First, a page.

When working with customers, do you use your language or their language?
No, the question isn’t about whether you use English or German or Spanish. The question actually is whether you talk about your product or service in terms of features instead of what the customer wants from the product or service.
A simple question – “Why do people buy ¼-inch drill bits?” – can help small-business owners understand the importance of using the right “language.”
If you ask a group of people that question, you will get a variety of answers, but several people will answer correctly: “Because the buyer wants to make a ¼-inch hole.”
The issue isn’t that the drill bit keeps its cutting edge longer than others or it is made from a certain grade of steel. The buyer just wants a hole.
Marketing language is talking about the benefits of a product as opposed to the features.
Many of the benefits customers desire are personal, such as comfort, safety, ease of use and affordability. These characteristics answer the question, “What do I get from this purchase?”
So do you focus solely on the benefits in your marketing?
The answer is “probably not.” If products or services provide the same benefits, then features become a way to identify yourself in the marketplace. But even then, the product with the most features or most-desired features will portray itself as something elite or in a category by itself, again a benefit for those looking for self-expression.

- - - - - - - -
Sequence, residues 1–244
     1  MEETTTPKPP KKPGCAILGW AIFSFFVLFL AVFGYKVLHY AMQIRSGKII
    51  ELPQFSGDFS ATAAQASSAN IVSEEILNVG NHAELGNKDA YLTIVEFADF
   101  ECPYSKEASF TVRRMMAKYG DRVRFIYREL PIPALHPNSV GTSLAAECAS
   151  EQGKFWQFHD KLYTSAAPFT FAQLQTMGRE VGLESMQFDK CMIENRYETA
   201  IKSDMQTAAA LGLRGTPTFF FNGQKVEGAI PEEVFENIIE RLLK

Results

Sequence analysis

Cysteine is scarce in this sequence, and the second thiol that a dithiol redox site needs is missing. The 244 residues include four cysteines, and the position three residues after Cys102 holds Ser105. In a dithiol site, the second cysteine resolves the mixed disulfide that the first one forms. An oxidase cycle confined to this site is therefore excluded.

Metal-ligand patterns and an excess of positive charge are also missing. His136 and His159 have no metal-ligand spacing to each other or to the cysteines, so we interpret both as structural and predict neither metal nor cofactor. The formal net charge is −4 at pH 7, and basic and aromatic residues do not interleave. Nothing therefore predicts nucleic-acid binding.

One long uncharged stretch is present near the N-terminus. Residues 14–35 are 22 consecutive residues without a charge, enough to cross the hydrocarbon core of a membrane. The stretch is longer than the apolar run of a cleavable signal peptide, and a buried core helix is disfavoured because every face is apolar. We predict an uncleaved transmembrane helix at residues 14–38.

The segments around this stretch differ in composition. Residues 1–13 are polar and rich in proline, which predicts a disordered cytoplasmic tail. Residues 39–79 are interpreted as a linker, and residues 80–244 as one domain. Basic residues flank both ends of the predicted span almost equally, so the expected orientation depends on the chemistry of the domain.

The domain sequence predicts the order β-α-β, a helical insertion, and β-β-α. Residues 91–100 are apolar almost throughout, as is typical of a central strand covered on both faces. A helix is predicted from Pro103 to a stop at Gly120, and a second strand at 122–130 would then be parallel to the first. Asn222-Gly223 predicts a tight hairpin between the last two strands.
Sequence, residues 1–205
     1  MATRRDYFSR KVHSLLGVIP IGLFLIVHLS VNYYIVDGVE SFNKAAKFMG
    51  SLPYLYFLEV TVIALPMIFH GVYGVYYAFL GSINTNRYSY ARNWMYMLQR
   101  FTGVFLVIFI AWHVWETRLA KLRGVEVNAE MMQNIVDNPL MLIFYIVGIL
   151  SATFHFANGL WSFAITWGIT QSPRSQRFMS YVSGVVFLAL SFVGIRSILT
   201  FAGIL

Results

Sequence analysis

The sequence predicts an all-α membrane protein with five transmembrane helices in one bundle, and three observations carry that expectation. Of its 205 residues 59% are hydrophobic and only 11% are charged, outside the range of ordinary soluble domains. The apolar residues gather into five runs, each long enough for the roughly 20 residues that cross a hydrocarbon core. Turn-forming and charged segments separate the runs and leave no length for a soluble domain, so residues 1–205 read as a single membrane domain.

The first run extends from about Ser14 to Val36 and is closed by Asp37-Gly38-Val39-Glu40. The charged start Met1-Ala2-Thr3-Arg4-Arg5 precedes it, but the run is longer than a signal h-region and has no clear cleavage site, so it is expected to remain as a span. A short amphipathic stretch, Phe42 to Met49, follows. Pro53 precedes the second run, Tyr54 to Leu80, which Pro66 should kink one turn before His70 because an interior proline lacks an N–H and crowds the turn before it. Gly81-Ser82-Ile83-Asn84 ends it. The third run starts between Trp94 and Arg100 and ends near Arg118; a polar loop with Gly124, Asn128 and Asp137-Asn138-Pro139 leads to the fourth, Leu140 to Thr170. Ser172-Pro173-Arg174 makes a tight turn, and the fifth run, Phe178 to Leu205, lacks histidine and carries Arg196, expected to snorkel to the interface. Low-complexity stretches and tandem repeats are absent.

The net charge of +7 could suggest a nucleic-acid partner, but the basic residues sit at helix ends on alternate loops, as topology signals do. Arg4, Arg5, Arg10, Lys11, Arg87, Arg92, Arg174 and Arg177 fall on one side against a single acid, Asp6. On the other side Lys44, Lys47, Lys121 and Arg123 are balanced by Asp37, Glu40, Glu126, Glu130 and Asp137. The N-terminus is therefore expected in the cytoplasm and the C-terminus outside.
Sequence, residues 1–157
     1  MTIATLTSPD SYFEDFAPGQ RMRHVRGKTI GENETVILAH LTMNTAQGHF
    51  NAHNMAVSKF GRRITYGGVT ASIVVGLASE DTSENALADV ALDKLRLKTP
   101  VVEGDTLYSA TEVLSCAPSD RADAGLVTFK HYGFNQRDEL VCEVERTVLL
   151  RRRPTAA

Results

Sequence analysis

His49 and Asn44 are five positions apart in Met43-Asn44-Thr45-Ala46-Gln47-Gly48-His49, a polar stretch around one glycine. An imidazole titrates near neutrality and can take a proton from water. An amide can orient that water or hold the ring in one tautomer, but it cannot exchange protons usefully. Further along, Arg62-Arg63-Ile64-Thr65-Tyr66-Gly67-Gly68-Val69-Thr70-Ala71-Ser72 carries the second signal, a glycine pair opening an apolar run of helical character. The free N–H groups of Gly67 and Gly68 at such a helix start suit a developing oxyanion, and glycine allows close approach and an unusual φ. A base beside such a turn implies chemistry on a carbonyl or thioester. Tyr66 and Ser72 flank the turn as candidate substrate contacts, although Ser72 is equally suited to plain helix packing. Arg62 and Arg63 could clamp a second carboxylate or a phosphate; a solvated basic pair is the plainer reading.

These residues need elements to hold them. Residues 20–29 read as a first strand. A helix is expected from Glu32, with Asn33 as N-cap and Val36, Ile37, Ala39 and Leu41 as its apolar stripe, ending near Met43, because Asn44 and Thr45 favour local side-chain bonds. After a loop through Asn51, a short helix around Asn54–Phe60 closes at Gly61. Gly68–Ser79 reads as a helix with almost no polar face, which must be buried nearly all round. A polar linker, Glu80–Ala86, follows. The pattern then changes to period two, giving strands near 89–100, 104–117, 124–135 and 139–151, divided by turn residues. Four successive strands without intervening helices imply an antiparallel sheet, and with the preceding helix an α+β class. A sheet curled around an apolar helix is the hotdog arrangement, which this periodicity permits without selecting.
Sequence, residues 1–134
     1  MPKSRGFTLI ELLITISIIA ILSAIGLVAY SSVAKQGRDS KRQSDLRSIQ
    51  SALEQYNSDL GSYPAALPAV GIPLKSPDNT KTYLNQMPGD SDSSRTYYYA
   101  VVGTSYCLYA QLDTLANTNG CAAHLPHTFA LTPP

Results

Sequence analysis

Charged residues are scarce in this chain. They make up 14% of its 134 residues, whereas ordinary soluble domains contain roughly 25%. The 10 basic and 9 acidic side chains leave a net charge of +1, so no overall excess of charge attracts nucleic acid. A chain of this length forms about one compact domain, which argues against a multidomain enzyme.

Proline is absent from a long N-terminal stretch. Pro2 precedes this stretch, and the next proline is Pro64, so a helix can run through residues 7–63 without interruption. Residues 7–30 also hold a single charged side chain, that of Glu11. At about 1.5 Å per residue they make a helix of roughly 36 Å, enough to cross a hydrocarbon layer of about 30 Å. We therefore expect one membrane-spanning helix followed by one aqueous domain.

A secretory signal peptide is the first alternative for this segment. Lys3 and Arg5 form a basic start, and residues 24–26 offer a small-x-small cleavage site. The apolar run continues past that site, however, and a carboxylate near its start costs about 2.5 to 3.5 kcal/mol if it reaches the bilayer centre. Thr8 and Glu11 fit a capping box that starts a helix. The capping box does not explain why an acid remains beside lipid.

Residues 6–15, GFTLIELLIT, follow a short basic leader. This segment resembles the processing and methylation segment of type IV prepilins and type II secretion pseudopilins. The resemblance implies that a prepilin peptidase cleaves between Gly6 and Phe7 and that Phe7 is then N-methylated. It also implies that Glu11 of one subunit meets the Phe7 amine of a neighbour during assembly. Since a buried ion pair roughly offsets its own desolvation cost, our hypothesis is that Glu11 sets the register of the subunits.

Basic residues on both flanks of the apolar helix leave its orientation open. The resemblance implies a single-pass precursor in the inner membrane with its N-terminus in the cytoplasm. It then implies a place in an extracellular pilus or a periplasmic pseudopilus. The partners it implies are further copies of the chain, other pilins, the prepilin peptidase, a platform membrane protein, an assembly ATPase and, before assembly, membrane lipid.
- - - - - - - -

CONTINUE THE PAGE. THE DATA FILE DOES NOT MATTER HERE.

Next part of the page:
To fully speak the language of your customers, you need to understand your customers and what motivates or drives them. Market demographics are part of the answer. This means that your customers will be divided into segments, each focused on a different desired set of benefits.
Talking about a product’s features is easy because this is a language we understand. Talking about the benefits the customer wants is a language we may not know. Yet it is the one that best gets our message across.
So what language will you use?
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Glenn Muske is an independent expert on rural small business, working as GM Consulting – Your partner in achieving small business success. He provides consulting, and writes articles for county extension agents and newspapers across North Dakota. Previously, he was the Rural and Agribusiness Enterprise Development Specialist at the North Dakota State University Extension Service – Center for Community Vitality.